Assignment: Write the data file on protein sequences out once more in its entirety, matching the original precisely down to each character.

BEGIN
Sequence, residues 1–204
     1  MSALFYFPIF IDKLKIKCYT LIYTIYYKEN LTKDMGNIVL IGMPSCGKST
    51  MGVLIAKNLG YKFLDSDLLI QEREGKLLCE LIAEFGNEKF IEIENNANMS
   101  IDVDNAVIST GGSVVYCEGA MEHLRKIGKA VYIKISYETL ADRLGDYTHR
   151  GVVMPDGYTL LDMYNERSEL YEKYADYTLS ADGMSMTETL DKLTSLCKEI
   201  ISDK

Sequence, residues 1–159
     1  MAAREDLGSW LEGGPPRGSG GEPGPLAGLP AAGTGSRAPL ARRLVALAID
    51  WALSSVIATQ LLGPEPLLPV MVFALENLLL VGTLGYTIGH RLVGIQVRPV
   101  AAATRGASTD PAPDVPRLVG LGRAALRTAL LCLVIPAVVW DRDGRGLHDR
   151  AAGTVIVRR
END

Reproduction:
Sequence, residues 1–204
     1  MSALFYFPIF IDKLKIKCYT LIYTIYYKEN LTKDMGNIVL IGMPSCGKST
    51  MGVLIAKNLG YKFLDSDLLI QEREGKLLCE LIAEFGNEKF IEIENNANMS
   101  IDVDNAVIST GGSVVYCEGA MEHLRKIGKA VYIKISYETL ADRLGDYTHR
   151  GVVMPDGYTL LDMYNERSEL YEKYADYTLS ADGMSMTETL DKLTSLCKEI
   201  ISDK

Sequence, residues 1–159
     1  MAAREDLGSW LEGGPPRGSG GEPGPLAGLP AAGTGSRAPL ARRLVALAID
    51  WALSSVIATQ LLGPEPLLPV MVFALENLLL VGTLGYTIGH RLVGIQVRPV
   101  AAATRGASTD PAPDVPRLVG LGRAALRTAL LCLVIPAVVW DRDGRGLHDR
   151  AAGTVIVRR